The eyes of the nation continue to be on Wisconsin, as the state Senate used a parliamentary trick–splitting a “budget repair” bill of all fiscal elements, so that the measure–including the stripping of collective bargaining rights–could avoid the need for the quorum. The necessity of that elusive quorum, only needed for fiscal bills, had been blocked because of the walkout of the 14 Democratic Senators, who are behind state lines in Illinois to prevent state police from forcibly bringing them to the Capitol.
Why raise this on health care blog? There are several connections, but here’s two: First, there are other troubling elements of Wisconsin Governor Walker’s budget proposal, most notably a provision that would give him unchecked power to dramatically cut and remake the BadgerCare program–their version of Medicaid and SCHIP–without even legislative oversight.
Beyond the substance of Wisconsin legislation, there’s also been a facile comparison by some about the procedural issues, saying that the Wisconsin measure was “jammed through” like the federal health care bill.
Let’s forget that that the legislative minority (the Wisconsin Senate Democrats) had a much higher burden to invoke the supermajority rule–they had to leave the state, at personal and political risk–and in a way that can’t last forever. It’s an extreme action taken to counter an extreme bill. In contrast, the filibuster in the Senate has become commonplace, where Republicans don’t even have to go on the floor (Mr. Smith Goes To Washington style), and they invoke it so often it has become the norm, not the exception. A supermajority requirement isn’t a great idea, but if it exists, the threshold to invoke it should be high enough that it is rare–not for every piece of legislation or nomination (as in the Senate) or every budget vote every year (as in the California legislature).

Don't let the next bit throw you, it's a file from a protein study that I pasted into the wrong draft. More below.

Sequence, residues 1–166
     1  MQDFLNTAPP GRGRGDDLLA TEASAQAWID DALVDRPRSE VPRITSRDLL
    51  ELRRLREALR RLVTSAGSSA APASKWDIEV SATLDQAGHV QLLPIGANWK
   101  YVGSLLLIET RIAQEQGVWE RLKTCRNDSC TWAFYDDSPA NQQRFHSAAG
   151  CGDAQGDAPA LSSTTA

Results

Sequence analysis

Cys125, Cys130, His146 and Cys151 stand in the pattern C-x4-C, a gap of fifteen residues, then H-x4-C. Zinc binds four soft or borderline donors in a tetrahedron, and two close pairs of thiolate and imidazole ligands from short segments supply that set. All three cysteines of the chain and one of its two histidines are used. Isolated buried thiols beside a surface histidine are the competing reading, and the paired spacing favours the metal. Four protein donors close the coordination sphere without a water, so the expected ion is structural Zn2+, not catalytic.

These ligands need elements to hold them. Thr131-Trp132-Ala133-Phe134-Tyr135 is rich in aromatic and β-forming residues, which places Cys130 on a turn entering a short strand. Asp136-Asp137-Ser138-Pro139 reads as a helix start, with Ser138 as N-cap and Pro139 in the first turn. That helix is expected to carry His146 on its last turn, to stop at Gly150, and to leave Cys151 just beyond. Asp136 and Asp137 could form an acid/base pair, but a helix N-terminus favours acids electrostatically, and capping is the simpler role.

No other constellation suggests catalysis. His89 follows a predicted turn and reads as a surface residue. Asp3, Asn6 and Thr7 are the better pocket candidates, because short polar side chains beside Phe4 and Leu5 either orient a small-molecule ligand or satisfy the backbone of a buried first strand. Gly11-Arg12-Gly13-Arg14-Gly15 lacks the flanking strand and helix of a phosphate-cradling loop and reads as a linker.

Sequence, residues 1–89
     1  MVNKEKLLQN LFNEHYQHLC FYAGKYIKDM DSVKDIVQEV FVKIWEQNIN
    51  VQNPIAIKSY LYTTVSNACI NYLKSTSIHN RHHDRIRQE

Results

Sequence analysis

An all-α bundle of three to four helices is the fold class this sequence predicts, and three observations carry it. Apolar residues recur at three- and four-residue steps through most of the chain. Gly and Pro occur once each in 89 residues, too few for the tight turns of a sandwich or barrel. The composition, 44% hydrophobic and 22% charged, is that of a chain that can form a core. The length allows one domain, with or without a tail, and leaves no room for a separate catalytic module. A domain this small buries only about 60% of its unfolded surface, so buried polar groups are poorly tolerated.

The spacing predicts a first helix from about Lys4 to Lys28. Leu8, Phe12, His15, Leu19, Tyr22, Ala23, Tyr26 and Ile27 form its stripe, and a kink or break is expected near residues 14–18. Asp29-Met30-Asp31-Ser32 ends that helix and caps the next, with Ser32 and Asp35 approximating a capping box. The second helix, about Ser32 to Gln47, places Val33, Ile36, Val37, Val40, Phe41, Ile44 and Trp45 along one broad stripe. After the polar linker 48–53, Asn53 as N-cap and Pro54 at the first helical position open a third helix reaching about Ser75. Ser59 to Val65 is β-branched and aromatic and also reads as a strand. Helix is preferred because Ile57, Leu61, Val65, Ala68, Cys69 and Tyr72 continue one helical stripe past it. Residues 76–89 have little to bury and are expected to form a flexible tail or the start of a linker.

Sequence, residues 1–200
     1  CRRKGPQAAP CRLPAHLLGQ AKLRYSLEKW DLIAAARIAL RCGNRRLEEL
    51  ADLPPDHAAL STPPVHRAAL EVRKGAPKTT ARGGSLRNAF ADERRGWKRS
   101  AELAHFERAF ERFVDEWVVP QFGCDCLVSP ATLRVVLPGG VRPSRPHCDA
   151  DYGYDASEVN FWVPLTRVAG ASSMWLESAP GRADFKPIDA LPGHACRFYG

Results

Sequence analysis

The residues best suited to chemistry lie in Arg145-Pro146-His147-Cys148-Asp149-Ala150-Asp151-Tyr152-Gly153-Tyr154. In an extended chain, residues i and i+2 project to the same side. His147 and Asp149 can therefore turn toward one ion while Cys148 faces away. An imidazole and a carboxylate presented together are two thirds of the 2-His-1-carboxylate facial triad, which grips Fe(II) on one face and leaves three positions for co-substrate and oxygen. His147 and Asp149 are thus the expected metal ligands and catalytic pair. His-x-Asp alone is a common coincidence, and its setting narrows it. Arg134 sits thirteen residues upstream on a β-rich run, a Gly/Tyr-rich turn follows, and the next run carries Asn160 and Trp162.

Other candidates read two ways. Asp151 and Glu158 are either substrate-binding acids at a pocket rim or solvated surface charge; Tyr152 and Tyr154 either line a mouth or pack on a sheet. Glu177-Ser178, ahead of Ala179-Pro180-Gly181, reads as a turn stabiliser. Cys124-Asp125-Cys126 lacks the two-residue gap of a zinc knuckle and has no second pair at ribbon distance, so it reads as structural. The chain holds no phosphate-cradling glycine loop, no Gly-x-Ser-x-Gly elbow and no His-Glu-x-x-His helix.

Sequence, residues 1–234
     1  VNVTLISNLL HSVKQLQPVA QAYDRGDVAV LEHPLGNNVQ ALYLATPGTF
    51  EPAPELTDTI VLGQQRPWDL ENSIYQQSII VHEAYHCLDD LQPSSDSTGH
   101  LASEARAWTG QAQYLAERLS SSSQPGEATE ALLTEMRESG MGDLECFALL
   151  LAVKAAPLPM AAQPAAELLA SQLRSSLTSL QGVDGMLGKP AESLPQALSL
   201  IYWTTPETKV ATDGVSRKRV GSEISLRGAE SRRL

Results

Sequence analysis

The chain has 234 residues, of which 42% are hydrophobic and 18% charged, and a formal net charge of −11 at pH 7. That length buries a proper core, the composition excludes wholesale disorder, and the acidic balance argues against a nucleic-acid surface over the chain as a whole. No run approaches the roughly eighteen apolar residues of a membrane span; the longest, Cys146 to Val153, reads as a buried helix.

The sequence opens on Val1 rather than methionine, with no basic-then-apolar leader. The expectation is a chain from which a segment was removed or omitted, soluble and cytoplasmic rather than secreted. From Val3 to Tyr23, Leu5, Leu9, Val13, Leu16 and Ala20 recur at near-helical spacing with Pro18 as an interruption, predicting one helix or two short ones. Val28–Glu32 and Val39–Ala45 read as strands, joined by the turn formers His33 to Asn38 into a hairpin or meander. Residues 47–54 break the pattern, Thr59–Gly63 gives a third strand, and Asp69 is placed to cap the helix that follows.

The real difference is that the issue of stripping collective bargaining rights was never discussed in the Wisconsin gubernatorial campaign, and then Governor Walker is attempting to push this new idea through in the first weeks of the legislative session.
In contrast, health care reform was a major platform of President Obama’s campaign–the issue of which he spent over 80% of the television advertising dollars in the last month of the campaign. The measure took over a year to pass (it went into March of 2010). Much of that time was spent negotiating with the minority party (remember the Gang of Six in the Senate?), and despite the fact that Republican legislators walked away from those talks, the result of those negotiations ended up being the base legislation for the final product.
There’s no definition of “jammed through” that includes a year-long process and deliberation, including such significant bipartisan outreach, and inclusion of the opposing party’s ideas. And there’s little comparison with the travesty in Wisconsin.
If there’s a comparison, it’s the passage of the health law repeal bill, which was rushed through in the first weeks of the House of Representatives without a single hearing.